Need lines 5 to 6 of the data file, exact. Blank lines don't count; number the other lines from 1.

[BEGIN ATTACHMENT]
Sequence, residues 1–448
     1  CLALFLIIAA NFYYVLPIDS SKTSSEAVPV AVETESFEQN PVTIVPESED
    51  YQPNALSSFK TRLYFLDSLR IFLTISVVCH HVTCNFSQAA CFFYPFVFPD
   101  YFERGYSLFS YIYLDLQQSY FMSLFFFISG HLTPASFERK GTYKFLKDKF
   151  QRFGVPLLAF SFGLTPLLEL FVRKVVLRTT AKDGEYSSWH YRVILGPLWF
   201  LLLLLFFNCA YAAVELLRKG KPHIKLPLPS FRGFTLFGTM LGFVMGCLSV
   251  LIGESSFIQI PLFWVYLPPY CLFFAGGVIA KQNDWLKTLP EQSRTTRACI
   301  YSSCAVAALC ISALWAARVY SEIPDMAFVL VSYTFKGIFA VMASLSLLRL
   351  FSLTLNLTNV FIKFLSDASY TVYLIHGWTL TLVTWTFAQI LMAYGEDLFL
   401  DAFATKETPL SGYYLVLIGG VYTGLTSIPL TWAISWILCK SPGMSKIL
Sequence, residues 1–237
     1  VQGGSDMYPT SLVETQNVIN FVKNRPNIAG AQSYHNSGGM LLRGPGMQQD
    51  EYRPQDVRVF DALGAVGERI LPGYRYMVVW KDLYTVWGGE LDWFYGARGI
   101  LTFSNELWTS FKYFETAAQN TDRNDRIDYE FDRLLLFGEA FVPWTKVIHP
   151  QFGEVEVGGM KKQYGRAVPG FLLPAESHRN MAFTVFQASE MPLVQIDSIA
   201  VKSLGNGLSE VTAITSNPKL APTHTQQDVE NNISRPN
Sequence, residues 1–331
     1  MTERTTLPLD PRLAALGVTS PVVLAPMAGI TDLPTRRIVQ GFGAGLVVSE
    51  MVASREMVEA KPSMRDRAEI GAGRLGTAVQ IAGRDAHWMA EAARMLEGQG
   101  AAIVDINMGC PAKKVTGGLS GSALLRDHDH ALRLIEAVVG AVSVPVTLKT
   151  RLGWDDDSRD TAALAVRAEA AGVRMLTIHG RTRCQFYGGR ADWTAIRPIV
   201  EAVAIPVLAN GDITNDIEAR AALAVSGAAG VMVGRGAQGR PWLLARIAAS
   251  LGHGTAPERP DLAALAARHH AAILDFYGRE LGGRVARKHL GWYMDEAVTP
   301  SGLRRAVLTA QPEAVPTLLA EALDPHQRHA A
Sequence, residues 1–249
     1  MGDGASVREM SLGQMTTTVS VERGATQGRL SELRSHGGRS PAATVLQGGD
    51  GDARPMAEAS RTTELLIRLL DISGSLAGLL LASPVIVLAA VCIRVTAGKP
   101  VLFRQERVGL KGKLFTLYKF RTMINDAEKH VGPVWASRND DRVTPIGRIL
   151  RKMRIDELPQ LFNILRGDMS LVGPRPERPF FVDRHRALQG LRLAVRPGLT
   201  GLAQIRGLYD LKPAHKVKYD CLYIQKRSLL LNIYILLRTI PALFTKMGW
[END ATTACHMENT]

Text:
   151  QRFGVPLLAF SFGLTPLLEL FVRKVVLRTT AKDGEYSSWH YRVILGPLWF
   201  LLLLLFFNCA YAAVELLRKG KPHIKLPLPS FRGFTLFGTM LGFVMGCLSV